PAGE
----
That "something" is a list of stuff or an array of stuff. This cannot be a hash of stuff because hashes have no order (we can sort the keys to a hash because we can make an ordered list of them), but to "sort the hash" itself has no meaning, because a hash has no sequential order.

        The basic syntax of Perl sort is:
        @output = sort{...code block...}@input;

        I'm going to back up and generalize a bit now... The following applies not only to Perl, but to C, C++, Java, etc. Current computers (not quantum computers) only deal with the comparison of 2 things at once. Fancy sorting algorithms deal with how to minimize the total number of comparisons that are required between 2 individual things to get the input data list into the desired order. The language or sorting library will provide the "fancy sorting algorithm" that minimizes the number of comparisons. What you have to provide is a way for that sorting library or language function to know whether two things are: "a<b, exactly the same: a==b", or b>a".

        Every language has its own way of implementing this requirement that the user program provide a way of comparing two things. Perl has two magic global variables, $a and $b. sort{...code block...}@input causes pairs of things from @input to be set to $a and $b and then the code within the sort block to be run. In Perl cmp causes an alphabetic comparison to be used. In Perl <=>, the "spaceship" operator causes numeric values to be used for the comparison.

        Re: Sorting help illustrates a lot of these points.
        Re: Custom sort with string of numbers gives more practical "how-to"

        I hope the code below will lead you into a "Oh, my gosh!" realization! The code within the sort{...} block is essentially a subroutine and you can put other stuff in there like "print"! Below, I show which 2 items the version specific sort compares.

        #!/usr/bin/perl -w use strict; my @array1 = ("jerry", "abe", "hope", "crazy_horse", "lewis","bob"); print "initial array order: @array1\n"; my @array = sort @array1; print "The default sort: @array\n"; @array = sort{$a cmp $b}@array1; print "The same sort order: @array\n\n"; @array = sort{ print "comparing $a and $b \n"; $a cmp $b; } @array1; print "\n"; print "The same thing: @array\n\n"; __END__ initial array order: jerry abe hope crazy_horse lewis bob The default sort: abe bob crazy_horse hope jerry lewis The same sort order: abe bob crazy_horse hope jerry lewis comparing jerry and abe comparing hope and crazy_horse comparing lewis and bob comparing abe and crazy_horse comparing crazy_horse and jerry comparing jerry and hope comparing abe and bob comparing bob and crazy_horse comparing crazy_horse and lewis comparing lewis and hope comparing lewis and jerry The same thing: abe bob crazy_horse hope jerry lewis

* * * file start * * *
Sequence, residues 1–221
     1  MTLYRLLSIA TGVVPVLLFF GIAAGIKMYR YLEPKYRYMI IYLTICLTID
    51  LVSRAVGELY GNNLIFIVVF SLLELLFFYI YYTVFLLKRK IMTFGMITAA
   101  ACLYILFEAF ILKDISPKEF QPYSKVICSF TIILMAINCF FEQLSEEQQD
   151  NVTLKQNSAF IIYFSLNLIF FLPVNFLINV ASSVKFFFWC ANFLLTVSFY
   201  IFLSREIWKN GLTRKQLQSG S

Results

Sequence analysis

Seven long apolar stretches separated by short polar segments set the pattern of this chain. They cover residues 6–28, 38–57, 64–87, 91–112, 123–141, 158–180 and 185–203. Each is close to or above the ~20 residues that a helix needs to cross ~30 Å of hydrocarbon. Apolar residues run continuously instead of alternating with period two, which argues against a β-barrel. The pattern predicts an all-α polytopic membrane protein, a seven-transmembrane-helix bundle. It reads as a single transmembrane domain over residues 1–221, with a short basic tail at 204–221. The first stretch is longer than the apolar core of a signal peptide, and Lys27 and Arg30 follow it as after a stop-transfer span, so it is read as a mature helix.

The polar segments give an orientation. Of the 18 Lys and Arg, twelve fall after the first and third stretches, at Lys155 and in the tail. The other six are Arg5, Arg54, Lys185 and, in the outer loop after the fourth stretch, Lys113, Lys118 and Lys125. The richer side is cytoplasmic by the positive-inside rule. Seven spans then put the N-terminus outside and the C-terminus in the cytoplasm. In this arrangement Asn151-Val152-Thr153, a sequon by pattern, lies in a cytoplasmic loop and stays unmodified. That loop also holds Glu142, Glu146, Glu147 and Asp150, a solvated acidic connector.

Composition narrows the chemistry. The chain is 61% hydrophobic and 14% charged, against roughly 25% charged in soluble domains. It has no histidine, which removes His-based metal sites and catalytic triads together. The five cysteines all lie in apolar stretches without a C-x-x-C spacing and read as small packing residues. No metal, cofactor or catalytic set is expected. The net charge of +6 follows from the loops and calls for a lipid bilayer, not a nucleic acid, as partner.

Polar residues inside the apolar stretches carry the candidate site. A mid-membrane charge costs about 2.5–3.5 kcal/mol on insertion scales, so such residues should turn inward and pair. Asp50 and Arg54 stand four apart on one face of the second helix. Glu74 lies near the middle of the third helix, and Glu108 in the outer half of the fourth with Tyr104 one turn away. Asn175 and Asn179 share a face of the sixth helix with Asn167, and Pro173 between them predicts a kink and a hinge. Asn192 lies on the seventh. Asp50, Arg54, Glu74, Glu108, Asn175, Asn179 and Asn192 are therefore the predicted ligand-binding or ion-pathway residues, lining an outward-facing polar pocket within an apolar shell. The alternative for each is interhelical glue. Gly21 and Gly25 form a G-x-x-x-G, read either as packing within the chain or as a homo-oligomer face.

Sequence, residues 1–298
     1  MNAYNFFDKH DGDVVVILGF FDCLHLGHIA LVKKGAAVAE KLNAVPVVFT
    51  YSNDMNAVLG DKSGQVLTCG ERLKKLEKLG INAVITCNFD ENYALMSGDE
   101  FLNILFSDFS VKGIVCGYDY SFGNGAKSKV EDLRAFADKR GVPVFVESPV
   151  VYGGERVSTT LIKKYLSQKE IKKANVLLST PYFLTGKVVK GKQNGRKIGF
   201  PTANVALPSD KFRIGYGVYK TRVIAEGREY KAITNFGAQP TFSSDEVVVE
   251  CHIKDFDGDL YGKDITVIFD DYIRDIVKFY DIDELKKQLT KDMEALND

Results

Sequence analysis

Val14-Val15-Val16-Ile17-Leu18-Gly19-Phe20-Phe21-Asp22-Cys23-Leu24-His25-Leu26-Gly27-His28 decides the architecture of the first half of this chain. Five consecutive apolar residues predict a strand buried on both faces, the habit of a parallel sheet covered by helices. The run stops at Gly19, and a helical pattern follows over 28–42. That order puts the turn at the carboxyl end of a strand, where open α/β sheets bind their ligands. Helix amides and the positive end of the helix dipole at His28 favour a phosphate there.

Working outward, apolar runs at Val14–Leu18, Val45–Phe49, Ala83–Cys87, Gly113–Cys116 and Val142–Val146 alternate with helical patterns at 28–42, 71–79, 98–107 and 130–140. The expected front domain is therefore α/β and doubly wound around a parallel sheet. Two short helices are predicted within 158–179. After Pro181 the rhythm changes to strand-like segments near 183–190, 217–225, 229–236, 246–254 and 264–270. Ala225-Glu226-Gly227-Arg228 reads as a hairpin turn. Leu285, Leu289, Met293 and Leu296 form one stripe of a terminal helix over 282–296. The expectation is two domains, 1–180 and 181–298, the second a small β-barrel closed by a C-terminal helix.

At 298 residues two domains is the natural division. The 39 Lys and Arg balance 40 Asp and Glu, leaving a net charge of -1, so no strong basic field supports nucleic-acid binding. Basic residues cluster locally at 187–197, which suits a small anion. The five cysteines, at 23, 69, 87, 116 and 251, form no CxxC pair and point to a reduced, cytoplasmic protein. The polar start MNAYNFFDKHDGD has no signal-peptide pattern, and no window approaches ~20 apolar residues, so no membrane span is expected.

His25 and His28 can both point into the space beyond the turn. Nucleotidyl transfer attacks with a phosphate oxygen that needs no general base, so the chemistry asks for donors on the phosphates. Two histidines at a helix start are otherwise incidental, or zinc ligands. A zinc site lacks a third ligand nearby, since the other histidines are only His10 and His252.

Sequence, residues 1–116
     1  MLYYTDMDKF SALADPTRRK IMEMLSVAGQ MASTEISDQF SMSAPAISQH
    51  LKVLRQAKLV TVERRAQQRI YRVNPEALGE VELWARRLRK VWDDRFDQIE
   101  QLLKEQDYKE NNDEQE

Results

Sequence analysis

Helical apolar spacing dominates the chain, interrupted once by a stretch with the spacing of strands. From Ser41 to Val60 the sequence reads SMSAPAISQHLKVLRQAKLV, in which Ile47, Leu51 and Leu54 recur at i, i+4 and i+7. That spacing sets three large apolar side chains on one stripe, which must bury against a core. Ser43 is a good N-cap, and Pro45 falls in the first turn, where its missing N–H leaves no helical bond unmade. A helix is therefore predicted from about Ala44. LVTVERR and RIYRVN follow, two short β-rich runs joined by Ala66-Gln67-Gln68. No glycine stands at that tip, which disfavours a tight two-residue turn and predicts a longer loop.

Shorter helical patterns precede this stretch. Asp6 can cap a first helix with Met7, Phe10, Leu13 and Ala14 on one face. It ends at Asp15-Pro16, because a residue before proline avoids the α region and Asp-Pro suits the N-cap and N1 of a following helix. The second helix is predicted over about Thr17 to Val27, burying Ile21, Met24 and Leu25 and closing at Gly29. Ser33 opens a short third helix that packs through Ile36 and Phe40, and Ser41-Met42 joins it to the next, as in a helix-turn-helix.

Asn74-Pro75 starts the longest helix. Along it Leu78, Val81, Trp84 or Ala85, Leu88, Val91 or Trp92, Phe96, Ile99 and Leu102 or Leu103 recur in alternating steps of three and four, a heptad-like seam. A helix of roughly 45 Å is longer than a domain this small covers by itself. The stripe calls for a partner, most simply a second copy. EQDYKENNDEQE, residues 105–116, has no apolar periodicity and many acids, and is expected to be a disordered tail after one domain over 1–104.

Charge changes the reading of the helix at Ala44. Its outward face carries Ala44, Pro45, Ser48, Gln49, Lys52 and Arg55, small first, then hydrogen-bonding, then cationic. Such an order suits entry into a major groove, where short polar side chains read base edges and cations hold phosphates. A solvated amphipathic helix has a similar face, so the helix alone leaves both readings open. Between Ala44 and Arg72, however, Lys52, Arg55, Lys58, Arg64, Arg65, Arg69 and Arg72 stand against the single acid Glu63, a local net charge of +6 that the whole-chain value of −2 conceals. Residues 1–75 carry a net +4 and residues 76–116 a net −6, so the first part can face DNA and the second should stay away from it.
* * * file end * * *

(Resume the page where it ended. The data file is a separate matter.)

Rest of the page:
Update: One of the main points that I was trying to get across was that when you see a tricky, map{} grep{} sort{} and wonder what it does and how it works?, it is completely fine to put some print statements in there! I do this when I am debugging something complex and my brain can't comprehend why "what is happening" is happening! These code blocks that map, grep, sort use are like subroutines.

        Please note that the last statement in a block like what I'm talking about cannot be 'print "$result\n";' because "print" like all I/O routines returns a status, in this case '1', so you need something like: print $result; $result; or some other way so that the last line is the return value.

Re: Extracting unique elements from array
by aaron_baugher (Curate) on Sep 28, 2011 at 21:13 UTC

    Since you didn't say you needed to sort anything, I'm not sure what use you'd have for cmp and the special $a and $b variables. Finding unique values is straightforward enough: assign them to a hash as its keys, and then extract the keys. Since hash keys are guaranteed to be unique, any assigned multiple times will still only exist once.

    my @list = qw(a b c d e a a b c d f g); # list with some duplicates my %h; map { $h{$_} = 1 } @list; print for sort keys %h; # sorting for clarity's sake #output abcdefg
Re: Extracting unique elements from array
by umasuresh (Hermit) on Sep 29, 2011 at 17:36 UTC
    I did get this from perlmonks, but cant find the reference id:
    I am not the author of this snippet, but I use it always:
    my %saw; my @array = (1,1,1,2,2,3,3,3,3,4,5,5,5,6,6,7,6,5); @saw{@array} =(); # initialize hash slice my @uniq_elements = sort keys %saw;
      Here's a one-liner (if the original order isn't important) - no temp hash var required:
      @foo = (1, 1, 1, 2, 3, 3, 3, 4, 5, 5, 6, 7, 8, 8, 9, 10); my @unique = sort {$a <=> $b} keys({map {$_ => 1} @foo}); print join(",", @unique) . "\n";
      Two or more arrays? Not a problem.
      @foo = (1, 2, 3, 4, 5, 6, 7, 8, 9, 10); @bar = (0, 1, 2, 5, 7, 9, 11, 12, 13, 14); my @unique = sort {$a <=> $b} keys({map {$_ => 1} (@foo, @bar)}); print join(",", @unique) . "\n";